Spellbook is the debut full-length album by Canadian one-man death metal act Haiduk. Luka Milojica is the man behind the project, performing all vocals, guitars and bass with the drums being programmed. Haiduk’s only prior release is the 2010 demo Plagueswept, a release with a very different sound to Spellbook. Spellbook is a concept album with a theme of black magic, and each of the ten seals on the cover art represents a track on the album.
While Haiduk started with a raw atmospheric and blackened approach to death metal, Spellbook sees the music become much more polished production wise and also sets a much faster pace for the riffs. Thrash metal influences play a much more important part in the sound now with the music being very much riff based and orientated, with lead guitar sections few and far between. But with they are used, they’re just as furious as the riffs. A particular good example is how lead is used near the end of the album’s closing track Vortex. Luka tops the performance off with a strong growl, and while vocals are obviously more common than guitar leads, he takes plenty of breaks in the lyric deliver to allow full concentration on his riffs, which provide a thrashing and pummelling experience on one hand, but don’t lack atmosphere of a different kind to the demo on the other.
Despite being branded as an album, Spellbook isn’t actually much longer than Haiduk’s Plagueswept demo, although one must bear in mind that said demo was more generous on the amount of tracks that many band’s demo releases. Spellbook contains ten tracks, all in the death/thrash style and they’re all relatively short and to the point compositions. Four of them don’t even hit the three minute mark and the album is over in about thirty-three minutes. I think that’s definitely okay for Haiduk’s style, although Luka certainly proves himself capable of holding an album in this style for any period of time and I find myself easily enjoying even consecutive listens of Spellbook without getting bored.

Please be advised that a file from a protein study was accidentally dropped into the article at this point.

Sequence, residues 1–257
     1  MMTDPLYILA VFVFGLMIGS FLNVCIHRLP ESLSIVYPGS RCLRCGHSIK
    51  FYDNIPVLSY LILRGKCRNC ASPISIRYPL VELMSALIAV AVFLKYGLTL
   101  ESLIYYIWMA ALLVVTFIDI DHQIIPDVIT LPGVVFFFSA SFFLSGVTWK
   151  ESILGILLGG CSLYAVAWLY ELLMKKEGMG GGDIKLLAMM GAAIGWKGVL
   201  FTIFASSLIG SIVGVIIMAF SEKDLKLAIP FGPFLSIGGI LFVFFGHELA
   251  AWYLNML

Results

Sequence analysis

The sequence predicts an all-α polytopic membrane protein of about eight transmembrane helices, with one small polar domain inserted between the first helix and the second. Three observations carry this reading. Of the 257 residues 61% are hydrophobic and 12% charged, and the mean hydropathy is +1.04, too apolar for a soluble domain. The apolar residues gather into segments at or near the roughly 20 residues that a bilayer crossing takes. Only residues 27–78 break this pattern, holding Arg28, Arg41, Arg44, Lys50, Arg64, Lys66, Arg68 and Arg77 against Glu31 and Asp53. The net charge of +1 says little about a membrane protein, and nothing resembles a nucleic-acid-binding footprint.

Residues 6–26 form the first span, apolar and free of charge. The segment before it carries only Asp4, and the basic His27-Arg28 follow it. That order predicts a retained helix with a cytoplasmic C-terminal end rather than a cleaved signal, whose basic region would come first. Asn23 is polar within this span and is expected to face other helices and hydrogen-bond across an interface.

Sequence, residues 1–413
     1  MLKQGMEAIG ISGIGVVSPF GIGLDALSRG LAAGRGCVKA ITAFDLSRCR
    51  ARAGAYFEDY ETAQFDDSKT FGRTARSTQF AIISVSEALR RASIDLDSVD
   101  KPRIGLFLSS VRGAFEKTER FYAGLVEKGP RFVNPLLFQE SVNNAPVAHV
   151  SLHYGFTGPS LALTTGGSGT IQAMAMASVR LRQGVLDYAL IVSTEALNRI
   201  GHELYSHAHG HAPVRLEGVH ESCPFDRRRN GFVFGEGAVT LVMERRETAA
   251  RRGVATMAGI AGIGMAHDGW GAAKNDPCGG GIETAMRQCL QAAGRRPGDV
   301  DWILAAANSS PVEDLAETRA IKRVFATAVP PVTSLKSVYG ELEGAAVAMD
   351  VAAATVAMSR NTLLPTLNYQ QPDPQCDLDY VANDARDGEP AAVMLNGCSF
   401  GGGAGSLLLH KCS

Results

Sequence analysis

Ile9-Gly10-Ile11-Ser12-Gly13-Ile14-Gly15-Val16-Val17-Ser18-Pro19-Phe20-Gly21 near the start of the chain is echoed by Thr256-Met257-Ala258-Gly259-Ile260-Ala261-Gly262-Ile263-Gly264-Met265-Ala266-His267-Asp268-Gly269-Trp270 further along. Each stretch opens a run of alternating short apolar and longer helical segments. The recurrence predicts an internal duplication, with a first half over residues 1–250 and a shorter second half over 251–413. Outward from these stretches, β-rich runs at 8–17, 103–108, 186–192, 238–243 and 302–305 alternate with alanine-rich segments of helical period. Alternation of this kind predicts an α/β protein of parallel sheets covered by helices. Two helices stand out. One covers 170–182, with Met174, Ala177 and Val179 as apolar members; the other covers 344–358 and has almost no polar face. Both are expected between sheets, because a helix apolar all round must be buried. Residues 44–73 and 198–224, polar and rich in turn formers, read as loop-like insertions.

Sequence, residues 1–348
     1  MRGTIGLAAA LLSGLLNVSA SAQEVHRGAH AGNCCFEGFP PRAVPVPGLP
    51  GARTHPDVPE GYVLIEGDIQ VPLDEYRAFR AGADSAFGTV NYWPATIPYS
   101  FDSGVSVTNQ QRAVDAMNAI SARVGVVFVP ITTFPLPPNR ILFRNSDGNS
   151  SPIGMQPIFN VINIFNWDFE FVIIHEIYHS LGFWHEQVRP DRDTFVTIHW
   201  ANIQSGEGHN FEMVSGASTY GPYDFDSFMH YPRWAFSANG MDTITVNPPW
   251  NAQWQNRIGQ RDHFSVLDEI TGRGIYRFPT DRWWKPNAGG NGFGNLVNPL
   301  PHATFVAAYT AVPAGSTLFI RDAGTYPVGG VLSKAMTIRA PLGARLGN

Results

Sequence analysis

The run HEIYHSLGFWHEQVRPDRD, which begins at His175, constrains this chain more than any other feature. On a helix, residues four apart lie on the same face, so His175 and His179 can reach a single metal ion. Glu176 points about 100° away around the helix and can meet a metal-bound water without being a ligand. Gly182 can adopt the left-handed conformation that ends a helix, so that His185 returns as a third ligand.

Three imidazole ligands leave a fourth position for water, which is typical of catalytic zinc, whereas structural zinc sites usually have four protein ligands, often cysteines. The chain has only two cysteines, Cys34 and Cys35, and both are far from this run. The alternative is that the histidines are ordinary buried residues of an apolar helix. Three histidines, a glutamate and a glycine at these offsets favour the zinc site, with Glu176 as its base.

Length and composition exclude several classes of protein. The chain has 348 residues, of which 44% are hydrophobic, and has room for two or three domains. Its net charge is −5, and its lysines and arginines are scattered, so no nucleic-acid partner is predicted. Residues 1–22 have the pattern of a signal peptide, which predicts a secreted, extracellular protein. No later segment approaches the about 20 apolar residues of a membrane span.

Normally I don’t think Spellbook would be my kind of death metal but there’s an honest kind of charm that just makes the music appealing and Luka Milojica clearly has a good ear for riffs not to mention a powerful growl. He’s certainly played to his apparent strengths for this album and that’s why in my eyes the end result is such a success. It’s the kind of album that repeated listens only makes it better and I find myself highly impressed with it.
(Originally written for Heavy Metal Haven (http://metaltube.freeforums.org))